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FREAKS

Luke Solomon and Justin Harris “literally tripped over each other” first at a warehouse party in the 90s, and finding mutual means and worldviews - a rebellious streak, a desire to make music that shared their DIY ethos, and a love for instruments within ‘dance’ music - they began making music together, with no specific plan in place. What came out of it, however unplanned, resulted in an enduring musical partnership that has spanned twenty years, a label, three albums including ‘Psych!' the follow-up to their 2003 heralded ‘The Man Who Lived Underground’ and an avalanche of releases throughout the years, across everywhere from Playhouse, Jamie Jones’ Hot Creations, Damian Lazarus’ Crosstown Rebels, Eats Everything’s Edible Records and Rebirth Records to their own Music For Freaks imprint. It was a bond coming from, in their words, “the stars aligning”, and a journey that went from the underground basements to the sublime and ridiculous heights of the charts and back again, leaving them older and wiser!

Despite happily admitting that the band was a self-confessed “very stupid and irresponsible being that was born out of our youth”, it’s the long standing friendship of Solomon and Harris that is the bedrock of Freaks. Bona fide electronic music acts that have had their music played on a BBC Radio, John Peel session can probably be counted on one hand, and Freaks are exactly that, an unaffected anachronism that have always made music with a personality. Whatever self-deprecating view the pair may have of themselves, there’s an innate pride in everything they have put out over the outfit’s tenure: ‘The Man Who Lived Underground’, is what makes the two veterans look back with most affection. Released in 2003 as the follow-up to ‘Meanwhile, Back At The Disco’, it encapsulates Solomon and Harris’ sense of humour and desire to rail against the 12”-friendly nature of the electronic music long-player at a time when few artists in dance music saw it as anything other than a means to sell club mixes. Given the ubiquity of ‘artist’ albums now, it’s hard not to see Freaks as ahead of their time, even if credit is given only now in retrospect.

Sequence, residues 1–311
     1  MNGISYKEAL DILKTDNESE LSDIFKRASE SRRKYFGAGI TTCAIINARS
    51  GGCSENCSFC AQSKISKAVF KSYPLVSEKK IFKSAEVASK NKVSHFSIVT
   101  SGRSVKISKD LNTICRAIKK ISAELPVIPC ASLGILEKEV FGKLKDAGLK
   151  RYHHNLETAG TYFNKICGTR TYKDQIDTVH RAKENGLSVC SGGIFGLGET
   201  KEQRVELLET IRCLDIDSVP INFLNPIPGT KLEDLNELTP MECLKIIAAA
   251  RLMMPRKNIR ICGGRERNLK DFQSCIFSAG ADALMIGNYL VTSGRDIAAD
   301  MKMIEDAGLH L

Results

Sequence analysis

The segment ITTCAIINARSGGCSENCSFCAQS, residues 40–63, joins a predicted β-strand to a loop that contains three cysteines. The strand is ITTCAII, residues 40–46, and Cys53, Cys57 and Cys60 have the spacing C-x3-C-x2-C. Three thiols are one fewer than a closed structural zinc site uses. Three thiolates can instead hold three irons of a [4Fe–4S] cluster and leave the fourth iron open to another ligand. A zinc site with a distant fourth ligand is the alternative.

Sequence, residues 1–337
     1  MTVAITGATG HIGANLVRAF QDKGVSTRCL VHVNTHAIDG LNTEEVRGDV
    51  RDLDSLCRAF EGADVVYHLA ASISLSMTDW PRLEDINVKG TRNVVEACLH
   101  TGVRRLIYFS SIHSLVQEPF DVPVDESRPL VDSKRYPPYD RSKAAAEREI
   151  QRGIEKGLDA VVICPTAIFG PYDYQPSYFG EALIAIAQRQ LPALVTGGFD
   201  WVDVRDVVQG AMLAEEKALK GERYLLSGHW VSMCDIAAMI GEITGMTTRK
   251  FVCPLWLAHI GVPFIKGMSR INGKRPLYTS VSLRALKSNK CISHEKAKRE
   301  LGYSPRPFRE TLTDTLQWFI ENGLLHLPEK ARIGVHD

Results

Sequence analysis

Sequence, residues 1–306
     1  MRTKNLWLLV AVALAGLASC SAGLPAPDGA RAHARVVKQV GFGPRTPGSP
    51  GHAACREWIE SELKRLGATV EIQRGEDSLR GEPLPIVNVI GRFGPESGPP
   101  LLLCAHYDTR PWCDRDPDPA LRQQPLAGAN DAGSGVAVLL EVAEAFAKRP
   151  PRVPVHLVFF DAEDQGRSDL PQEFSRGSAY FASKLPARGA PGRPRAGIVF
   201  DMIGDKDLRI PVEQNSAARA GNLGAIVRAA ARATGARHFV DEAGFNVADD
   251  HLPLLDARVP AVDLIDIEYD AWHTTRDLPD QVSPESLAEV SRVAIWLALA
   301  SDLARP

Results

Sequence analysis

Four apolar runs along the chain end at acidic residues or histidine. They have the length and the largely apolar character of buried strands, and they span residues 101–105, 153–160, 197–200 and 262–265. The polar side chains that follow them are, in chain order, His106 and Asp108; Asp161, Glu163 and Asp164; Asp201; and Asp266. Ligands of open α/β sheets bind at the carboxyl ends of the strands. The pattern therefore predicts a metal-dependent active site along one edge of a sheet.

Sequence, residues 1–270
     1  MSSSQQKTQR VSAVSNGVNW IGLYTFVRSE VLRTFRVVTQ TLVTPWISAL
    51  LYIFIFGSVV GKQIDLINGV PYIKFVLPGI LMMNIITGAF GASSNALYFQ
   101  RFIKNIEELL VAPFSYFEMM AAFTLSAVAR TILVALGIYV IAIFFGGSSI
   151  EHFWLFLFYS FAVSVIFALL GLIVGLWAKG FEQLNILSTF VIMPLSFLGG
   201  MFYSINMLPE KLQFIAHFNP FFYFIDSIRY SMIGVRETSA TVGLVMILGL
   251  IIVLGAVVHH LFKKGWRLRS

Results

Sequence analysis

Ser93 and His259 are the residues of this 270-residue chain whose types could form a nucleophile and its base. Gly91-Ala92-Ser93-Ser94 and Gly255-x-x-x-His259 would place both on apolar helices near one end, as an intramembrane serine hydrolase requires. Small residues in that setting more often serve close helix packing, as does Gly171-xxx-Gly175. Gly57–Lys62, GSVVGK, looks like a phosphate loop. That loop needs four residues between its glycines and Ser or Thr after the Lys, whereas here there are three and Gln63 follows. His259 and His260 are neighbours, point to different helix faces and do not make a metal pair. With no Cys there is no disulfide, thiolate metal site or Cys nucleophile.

In an era of uber-planned, social-media dominated music, the idea that two people would embark on a project by getting into the studios and “seeing what happened” seems almost quaint, but this is what the embryonic Freaks set sail on back in the mid-90s. What they lacked in technical skills in the beginning, they substituted with gusto and passion, in a desire to put together a bona fide band that played for dancefloors at a time when LCD Soundsystem were not even a twinkle in the eye, even gigging in the disused tower block of Club 11 in Amsterdam for Arthur Baker at ADE back in 2006. A pessimist might say their timing was wrong, but whatever logistical barriers existed, Freaks’ grand ideas were translated with vigour and a do-it-yourself approach.

Their resultant three albums, dozens of EPs and their own label, Music For Freaks, are testament to a combination of tenacious work ethic and sheer bloody mindedness in a tumultuous career
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